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The Roar's AFL expert tips and predictions: Round 21

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4th August, 2022
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2022 has not been the year for tipping outsiders. At least, not for me.

Time after time I’ve gone against the grain looking for an edge, only to see it blow up in my own face. Seven weeks ago I was sitting pretty on top in this competition: now, I’m six off the leader, having seen Brisbane get mown down by Richmond and Port Adelaide fail to do the same on Collingwood to further my disadvantage.

Round 21 is my last hope. Have a crack at a few outsiders, and see if I can halve the difference. But as President Snow said in the first Hunger Games movie, a little hope is effective – but a lot of hope is dangerous.

Will I Katniss my way to glory, or will things end in disaster like the random tributes killed in that opening massacre? Let’s find out.

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Tim Miller (last week: 6)

Melbourne, Hawthorn, Essendon, Western Bulldogs, Geelong, Richmond, Sydney, Brisbane, West Coast

This season has already seen more twists and turns than a particularly bendy pretzel, and I for one can’t wait to see what unfolds next.

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Presumably Craig McRae made a deal with Satan pre-season to sacrifice his firstborn to ensure Collingwood never lost another close game again. It feels inevitable that if their clash with Melbourne goes down to the wire, the Pies will find some way over the line – so the question is, can the Dees turn this into a blowout?

I can’t help feeling the Magpies are due a loss, and with the Demons finding form against Fremantle, they’re hard to go against – even if the Pies remain the only side they haven’t knocked over since the start of 2021.

Gold Coast’s trip to Tassie to face Hawthorn doesn’t have quite the same significance, but it will be interesting to see how two of the year’s biggest surprise packets look to end the year. Is it about winning as much as possible, or blooding kids and looking to get a head-start on planning for 2023?

The Hawks in Tassie are a notoriously difficult beast – they knocked over Brisbane down there earlier this year and play *shudders* the Bulldogs there in Round 23 – and despite all the Suns’ impressive gains in recent times, I’ll back the brown and gold.

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GWS hosting Essendon is also interesting, if only to see whether the whole host of Giants seemingly on borrowed time at the club respond to that Mark McVeigh spray. Facing his old side, McVeigh would love a chance to inflict some more misery on the Dons; I just don’t think it’ll happen with the way his boys are flat-lining.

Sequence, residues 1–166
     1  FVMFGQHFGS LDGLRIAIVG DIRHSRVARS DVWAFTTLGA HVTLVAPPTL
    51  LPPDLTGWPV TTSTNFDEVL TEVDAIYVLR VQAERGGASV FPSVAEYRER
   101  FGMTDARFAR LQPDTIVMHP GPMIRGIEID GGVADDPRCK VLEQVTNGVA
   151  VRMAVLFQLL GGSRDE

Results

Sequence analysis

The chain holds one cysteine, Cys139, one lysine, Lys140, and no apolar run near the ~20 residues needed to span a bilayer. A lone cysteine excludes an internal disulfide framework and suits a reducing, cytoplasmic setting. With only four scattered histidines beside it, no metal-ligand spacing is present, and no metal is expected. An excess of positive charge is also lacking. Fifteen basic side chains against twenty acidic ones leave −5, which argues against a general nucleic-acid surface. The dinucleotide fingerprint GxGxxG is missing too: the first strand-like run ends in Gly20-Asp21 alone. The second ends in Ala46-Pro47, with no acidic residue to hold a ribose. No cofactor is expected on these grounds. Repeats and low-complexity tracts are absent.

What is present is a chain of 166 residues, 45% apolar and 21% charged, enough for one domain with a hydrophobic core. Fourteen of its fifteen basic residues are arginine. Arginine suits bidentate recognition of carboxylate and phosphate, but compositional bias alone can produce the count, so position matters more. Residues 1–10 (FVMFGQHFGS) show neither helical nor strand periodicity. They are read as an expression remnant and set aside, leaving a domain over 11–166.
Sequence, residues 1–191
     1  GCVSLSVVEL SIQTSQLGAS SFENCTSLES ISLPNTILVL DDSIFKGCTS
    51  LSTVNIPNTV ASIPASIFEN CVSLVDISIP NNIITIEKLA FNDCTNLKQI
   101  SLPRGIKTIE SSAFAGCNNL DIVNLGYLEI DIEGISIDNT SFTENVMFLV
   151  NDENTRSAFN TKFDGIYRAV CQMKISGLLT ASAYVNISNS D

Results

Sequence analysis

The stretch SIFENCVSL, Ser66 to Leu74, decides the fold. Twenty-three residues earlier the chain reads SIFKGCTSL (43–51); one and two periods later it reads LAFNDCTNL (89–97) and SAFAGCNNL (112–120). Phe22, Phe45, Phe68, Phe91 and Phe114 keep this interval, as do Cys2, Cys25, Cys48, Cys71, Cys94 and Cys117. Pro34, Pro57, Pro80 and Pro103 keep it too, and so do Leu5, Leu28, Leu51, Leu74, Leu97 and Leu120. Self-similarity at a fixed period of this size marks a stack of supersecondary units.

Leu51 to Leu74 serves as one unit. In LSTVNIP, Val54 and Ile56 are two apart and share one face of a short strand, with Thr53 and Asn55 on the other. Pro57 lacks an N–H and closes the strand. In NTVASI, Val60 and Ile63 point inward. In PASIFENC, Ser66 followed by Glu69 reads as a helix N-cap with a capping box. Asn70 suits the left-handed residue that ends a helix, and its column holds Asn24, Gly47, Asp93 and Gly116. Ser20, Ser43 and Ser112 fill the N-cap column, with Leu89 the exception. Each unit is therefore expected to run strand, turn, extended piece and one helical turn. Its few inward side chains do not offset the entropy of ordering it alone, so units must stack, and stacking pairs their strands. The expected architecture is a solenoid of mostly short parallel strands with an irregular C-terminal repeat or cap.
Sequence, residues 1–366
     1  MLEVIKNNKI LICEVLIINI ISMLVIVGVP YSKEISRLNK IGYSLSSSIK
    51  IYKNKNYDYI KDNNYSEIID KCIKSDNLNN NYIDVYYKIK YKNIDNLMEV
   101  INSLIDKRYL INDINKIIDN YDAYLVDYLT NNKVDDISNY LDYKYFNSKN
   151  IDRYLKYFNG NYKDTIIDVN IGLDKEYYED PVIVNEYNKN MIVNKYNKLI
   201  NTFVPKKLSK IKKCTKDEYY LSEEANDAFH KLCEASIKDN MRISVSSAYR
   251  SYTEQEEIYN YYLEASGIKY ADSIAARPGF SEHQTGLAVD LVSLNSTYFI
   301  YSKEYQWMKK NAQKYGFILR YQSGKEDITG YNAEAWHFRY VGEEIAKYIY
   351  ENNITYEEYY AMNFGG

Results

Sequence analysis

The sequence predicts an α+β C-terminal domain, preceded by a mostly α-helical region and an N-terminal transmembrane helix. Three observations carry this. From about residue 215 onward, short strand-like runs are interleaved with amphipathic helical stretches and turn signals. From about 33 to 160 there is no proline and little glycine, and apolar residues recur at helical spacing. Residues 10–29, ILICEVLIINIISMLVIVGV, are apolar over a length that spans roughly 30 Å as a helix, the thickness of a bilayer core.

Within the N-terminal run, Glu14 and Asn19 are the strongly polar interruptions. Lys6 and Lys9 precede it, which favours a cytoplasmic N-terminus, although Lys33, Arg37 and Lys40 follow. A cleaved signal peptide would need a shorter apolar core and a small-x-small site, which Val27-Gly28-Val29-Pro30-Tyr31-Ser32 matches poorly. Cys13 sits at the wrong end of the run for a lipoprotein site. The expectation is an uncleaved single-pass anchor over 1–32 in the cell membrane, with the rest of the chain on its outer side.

Game of the round is probably Dees-Pies, but the most crucial is surely the Western Bulldogs hosting Fremantle. The top eight is on the line for the former, and the top four for the latter.

Sam Darcy isn’t exactly being eased into AFL life, thrown into the cauldron of a crunch match and probably set to go head-to-head with (future teammate?) Rory Lobb. He’s been clunking everything in the VFL, and provides a potential point of difference if the Dogs can somehow steal their way into September. Here’s hoping he makes his debut on a winning note.

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It’s impossible to see anyone beating Geelong at the moment, let alone in Geelong, let alone a somehow still-afloat St Kilda. The Saints nearly stole a win at this venue about 12 months ago, but this is a more intimidating Cats outfit by far.

It’s the other match that draws my eye: Port Adelaide are a dangerous beast at home, but Richmond have made their name in claiming matches like this. With the eight on the line – eighth will be theirs for the weekend unless the Saints can somehow down the Cats – it feels unwise to tip against the Tigers now that their mojo is back.

Sydney by plenty against North, who seem firmly in ‘play the kids’ mode and rightly so; then, the injury-hit Blues head to Brisbane awaiting likely defeat. I’m still convinced Carlton will find a win from their last three and squeak into the finals, and there’s every chance it’ll be this game – but the Lions will be smarting from their loss to Richmond, and a home Gabba match against an injury-hit rival is a chance to again prove their bona fides.

Adelaide have the honour of being Josh Kennedy’s last foe – interestingly, the Crows are one of the teams who have by and large kept the spearhead under wraps throughout his career.

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They might as well play two on him, because surely every inside 50 will head his way. I’m no doubt falling into a trap picking the Eagles at home again – but for JJK, I’m ready to be hurt again.

Clayton Oliver of the Demons and Darcy Cameron of the Magpies in action.

(Photo by Michael Willson/AFL Photos via Getty Images)

Dem Panopoulos (last week: 7)

Melbourne, Gold Coast, GWS, Fremantle, Geelong, Richmond, Sydney. Brisbane, West Coast

Alright, we’re at the business end of the season and there’s a heap to play for.

The Crows getting up last week was helpful, only because the other wildcards failed to deliver. We go again.

Perhaps Collingwood will never lose again. I doubt it – it feels like they have exceeded so many expectations this season that honourable losses are fine from here. The Demons are starting to find another gear, and it’s hard to see them dropping a third game in a row to the Pies.

The Suns still have a chance to play finals: and to keep these chances alive, however slim they may be, they need to beat Hawthorn. Trips to Tasmania are hard but they’ll squeeze over the line in a tight one.

No one expects GWS to beat Essendon given the form of both teams. Is that a good enough reason to tip them? Probably not, but the last four games between the teams have been decided by a total of 25 points. I’ll lean towards them in a coin-flip.

Enormous ramifications will be felt from the Bulldogs-Fremantle game. There’s no logic with this one: I like both teams but it’d be beneficial for the Dockers to win to keep eighth spot open for the run home. Go Freo.

I don’t want to sound like a broken record, so Geelong will beat St Kilda, while I don’t have too much insight into the Port-Richmond clash. Todd Marshall out really helps the Tigers, but who can honestly be confident? I’m not sure. Let’s just say Richmond.